Blackfeet Agency, Montana: December 21, 1884. Unbound. This five-page letter is datelined “United States Indian Service / Blackfeet Agency, Mont. / Dec: 21st, 1884.” It is addressed to Major Allen’s family at Freeport, Ohio. There is no accompanying envelope. In nice shape. Transcript provided.
An exceptional letter from the army major credited with saving most of the Piegan Blackfeet following the departure of Agent John Young, who was unjustly blamed for the “Starvation Winter” of 1883 during which nearly 600 members (a quarter of the Piegan band) died following the failure of their annual buffalo hunt. Young left under a firestorm of vilification by the Blackfeet, local whites, the Indian Bureau, Congress, and the press who accused him of, at best, disinterest, and, at worst criminal malfeasance. Historians followed suit until in 1958, Helen West, discovered an archive of documents at the Museum of the Plains Indians that absolved him of blame. While the story is too long to include, West’s article, “Starvation Winter of the Blackfeet” in the 1958 Winter issue of Montana: the Magazine of History provides the details.
Regardless, Major Reuben Allen arrived to take over in March of 1884. Youthful, energetic, and engaging, he became the darling of the tribe, local whites, and the press. It also didn’t hurt that federal provisions began to simultaneously roll-in, spurred by press reports about “Starvation Winter”. When Allen penned this letter in late December of 1884, the temperature was already at 30 degrees below zero with 20 inches of snow on the ground. However, the crisis was over:
"The terrible condition these poor people were in when I came here made it necessary for me to do everything I possibly could to aleviate their suffering from starvation and I am proud to say I have succeeded. I can now give them plenty to eat."
He then lists the abundance of supplies he has to feed the tribe for the next month including 26,000 pounds of bacon, 272,000 pounds of beef, 295,000 pounds of flour, 36,000 pounds of potatoes, 24,000 pounds of turnips, 8,500 pounds of coffee, as well as blankets, shawls, hats, pants, shirts, shoes scarves, mittens, and much more, noting somewhat smugly:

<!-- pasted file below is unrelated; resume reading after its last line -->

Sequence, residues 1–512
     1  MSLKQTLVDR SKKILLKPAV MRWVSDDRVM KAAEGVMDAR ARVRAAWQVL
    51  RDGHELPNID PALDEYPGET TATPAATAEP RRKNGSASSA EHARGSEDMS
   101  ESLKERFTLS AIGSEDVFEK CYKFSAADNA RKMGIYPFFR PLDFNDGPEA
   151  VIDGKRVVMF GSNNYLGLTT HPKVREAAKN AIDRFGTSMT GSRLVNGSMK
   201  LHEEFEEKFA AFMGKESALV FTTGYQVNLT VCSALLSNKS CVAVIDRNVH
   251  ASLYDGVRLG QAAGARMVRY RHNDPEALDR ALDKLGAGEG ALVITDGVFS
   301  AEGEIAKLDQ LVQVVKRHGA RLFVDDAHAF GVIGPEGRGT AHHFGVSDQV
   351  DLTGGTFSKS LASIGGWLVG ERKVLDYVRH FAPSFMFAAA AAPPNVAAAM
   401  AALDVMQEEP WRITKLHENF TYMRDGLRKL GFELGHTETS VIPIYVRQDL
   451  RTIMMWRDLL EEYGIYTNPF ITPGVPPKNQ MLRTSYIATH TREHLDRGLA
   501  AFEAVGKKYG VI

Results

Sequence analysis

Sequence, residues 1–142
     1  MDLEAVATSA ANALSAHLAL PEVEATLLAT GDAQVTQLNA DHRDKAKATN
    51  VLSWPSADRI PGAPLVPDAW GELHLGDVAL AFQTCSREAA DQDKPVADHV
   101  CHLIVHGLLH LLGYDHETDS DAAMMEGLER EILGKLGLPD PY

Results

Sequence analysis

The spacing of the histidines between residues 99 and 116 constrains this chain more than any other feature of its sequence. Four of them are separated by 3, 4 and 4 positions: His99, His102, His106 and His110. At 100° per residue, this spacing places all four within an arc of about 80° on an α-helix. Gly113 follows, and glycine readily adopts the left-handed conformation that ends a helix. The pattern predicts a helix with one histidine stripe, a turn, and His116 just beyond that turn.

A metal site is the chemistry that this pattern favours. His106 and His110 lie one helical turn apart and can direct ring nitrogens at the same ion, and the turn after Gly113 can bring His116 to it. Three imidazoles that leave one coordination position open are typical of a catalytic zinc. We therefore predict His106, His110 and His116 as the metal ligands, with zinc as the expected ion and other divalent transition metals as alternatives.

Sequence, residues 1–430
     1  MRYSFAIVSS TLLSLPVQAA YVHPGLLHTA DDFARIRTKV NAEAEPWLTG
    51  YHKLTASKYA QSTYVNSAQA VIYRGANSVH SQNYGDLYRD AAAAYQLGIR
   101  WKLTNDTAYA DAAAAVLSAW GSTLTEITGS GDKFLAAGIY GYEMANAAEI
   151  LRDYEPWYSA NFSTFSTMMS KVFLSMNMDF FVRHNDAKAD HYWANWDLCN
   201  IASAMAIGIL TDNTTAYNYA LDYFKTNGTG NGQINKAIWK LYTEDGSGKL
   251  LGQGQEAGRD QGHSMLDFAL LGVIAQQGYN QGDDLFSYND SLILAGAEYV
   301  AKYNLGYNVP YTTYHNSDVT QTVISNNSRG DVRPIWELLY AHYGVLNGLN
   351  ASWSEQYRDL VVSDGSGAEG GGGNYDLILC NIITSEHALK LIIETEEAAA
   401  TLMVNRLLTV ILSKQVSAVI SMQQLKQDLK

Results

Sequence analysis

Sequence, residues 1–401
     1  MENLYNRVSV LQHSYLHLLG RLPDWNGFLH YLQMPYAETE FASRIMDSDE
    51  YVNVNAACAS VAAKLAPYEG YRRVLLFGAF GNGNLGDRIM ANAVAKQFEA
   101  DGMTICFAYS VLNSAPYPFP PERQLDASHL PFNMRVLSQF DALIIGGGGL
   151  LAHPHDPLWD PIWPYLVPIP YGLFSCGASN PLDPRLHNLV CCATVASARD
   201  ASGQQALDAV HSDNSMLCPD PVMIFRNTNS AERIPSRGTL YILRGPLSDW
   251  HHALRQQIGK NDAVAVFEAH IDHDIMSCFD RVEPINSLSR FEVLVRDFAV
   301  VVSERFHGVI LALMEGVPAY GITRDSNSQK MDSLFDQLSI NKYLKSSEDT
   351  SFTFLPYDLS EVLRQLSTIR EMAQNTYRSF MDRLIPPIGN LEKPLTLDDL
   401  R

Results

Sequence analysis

“The Indians are well satisfied and I have their entire confidence. They will do anything I ask of them. . .. I would not pass through again what I have in the past six months . . . not that I feared any personal danger but to witness the suffering from starvation of these poor creatures and being powerless to help them. But as I am credited by the people and press of Montana of helping them out & am now satisfied.”
Finally, he relates that during a severe snowstorm, 100 head of Agency’s cattle escaped, and
“it became necessary to get them back. . .. I took what force I could spare from here [and] found them scattered [over] 130 miles. . .. I stayed in the saddle for 8 days . . . and during the time I was out . . . I never saw a human being except our own party. . .." Very good. Item #009628 Quite scarce, other than Young’s papers at the Museum of the Plains Indians and Allen’s files at the University of Montana, OCLC reports nothing similar held by institutions. Neither is anything similar for sale in the trade, nor does the Rare Book Hub identify sales of other similar items.
Quite scarce, other than Young’s papers at the Museum of the Plains Indians and Allen’s files at the University of Montana, OCLC reports nothing similar held by institutions. Neither is anything similar for sale in the trade, nor does the Rare Book Hub identify sales of other similar items.